The next show we dived into was Love Is Blind, which partially does actually prove the premise of the series. The basis is that contestants go on multiple dates without being able to see the other person. In a very patriarchal set up the men get to choose when they want to propose to the woman they have fallen for. Now of the couples who proposed not everyone does actually go through with the marriage, but I won’t say who. The plot that cause me the most consternation was the Carlton and Diamond romance. Carlton at a certain point reveals that he has dated men in the past, but is unsure when he should tell Diamond. I immediately yelled before you propose, but that would be my decision. During the honeymoonesque dating period the contestants get to go on Carlton began acting much differently than he had in the pods, though this could have been the magic of editing, and when he does tell Diamond he has dated men, he later uses the term fluid, she needs time to process. When they meet up the next day the situation devolves into a huge fight, where Carlton ultimately throws the ring into the pool and Diamond says something derogatory involving Carlton’s next experience with a penis. This whole storyline feels very rooted in biphobia, or at least some level of sexual fluidity phobia, with Carlton fearing he will be rejected for telling Diamond about his past. To her credit prior to the conversation, or at least prior based on editing and confessionals, Diamond seems open to this knowledge and just wants to know why Carlton did not bring it up sooner. During the reunion episode the two discuss the events that took place during filming and are both amicable. I though did feel like a great deal of the issues presented here were tied to both internalized sexual phobias, but also Carlton is male and black. Men are very rarely depicted as fluid and in society bi men, or fluid men, are not accepted. Beyond that there are larger issues I cannot speak to personally for men who are black who do not identify as heterosexual. Carlton was battling himself as well as his idea of Diamond’s reaction, which it felt like pushed the conversation to a point of anger that could not be walked back from in the moment.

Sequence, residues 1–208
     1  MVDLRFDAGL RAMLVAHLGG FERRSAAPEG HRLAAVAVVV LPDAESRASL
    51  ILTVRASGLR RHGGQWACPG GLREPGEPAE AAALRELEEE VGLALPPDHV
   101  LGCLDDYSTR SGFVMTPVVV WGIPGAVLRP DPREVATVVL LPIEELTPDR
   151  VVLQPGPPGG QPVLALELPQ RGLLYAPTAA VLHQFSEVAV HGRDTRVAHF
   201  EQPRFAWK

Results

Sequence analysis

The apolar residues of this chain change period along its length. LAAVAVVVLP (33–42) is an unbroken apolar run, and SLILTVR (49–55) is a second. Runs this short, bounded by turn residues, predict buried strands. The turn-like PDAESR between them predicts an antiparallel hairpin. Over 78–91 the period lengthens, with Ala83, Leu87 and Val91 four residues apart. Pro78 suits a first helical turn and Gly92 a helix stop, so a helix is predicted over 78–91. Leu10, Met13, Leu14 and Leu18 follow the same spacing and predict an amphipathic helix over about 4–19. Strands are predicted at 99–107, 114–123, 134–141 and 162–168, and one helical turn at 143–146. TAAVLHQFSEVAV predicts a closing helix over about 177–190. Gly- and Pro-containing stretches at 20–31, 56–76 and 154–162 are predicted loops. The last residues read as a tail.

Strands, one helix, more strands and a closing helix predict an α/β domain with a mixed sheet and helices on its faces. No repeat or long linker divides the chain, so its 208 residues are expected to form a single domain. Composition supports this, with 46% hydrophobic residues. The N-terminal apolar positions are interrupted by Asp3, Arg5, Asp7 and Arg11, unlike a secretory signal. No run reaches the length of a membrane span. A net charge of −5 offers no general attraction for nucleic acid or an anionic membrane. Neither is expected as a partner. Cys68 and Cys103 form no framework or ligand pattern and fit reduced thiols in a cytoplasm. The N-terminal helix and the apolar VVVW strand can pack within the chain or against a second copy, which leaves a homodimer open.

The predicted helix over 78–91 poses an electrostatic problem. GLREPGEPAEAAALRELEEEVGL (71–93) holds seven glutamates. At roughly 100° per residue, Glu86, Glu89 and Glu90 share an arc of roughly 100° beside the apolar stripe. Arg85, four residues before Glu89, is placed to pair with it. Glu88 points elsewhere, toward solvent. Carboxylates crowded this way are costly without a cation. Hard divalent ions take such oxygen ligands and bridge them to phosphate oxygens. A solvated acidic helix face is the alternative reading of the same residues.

Within both of these shows I noticed something else as well that I couldn’t personally relate to. In Too Hot to Handle contestants frequently wanted to start relationships based solely on the physical appearance of someone else and in Love is Blind more than one couple suffered from actually meeting in person. In these situations the physical identity of the person became either the sole reason for a relationship or the sole reason a relationship faltered and ultimately did not end in marriage. I found myself baffled by this, mostly because while I can objectively say someone is attractive I have zero ability to be drawn to someone based on how they look. Now I will say I find my wife very attractive, but out connection was not built on a physical note. I spent hours talking with her, spending time with her, and a majority of our dating involved phone calls where I could only hear her voice. I grew to love her and want to marry her based solely on what I felt and not what I saw. Even growing up I struggled with the idea that I would find someone “hot.” Now yes again I have thought people are attractive and noted that they are, but I don’t develop crushes on people easily and have to talk to them and know about them before I can feel anything. In both of these shows I was baffled by physical appearance being so vital to what was happening in people’s minds. What I would love to see would be a Love Is Blind type show where contestants are all fluid or something along those lines where everyone goes on blind dates with everyone and we get to see how the relationships evolve in that sense. I would just be curious to see how many pairings would appear that weren’t traditional dating show pairings. Also could we please get some more diverse gender castings. I want to see so much more like trans, non-binary, fluid, really any and all identities represented. It would just be nice to see more people in more relationships that reflect the diversity in real life.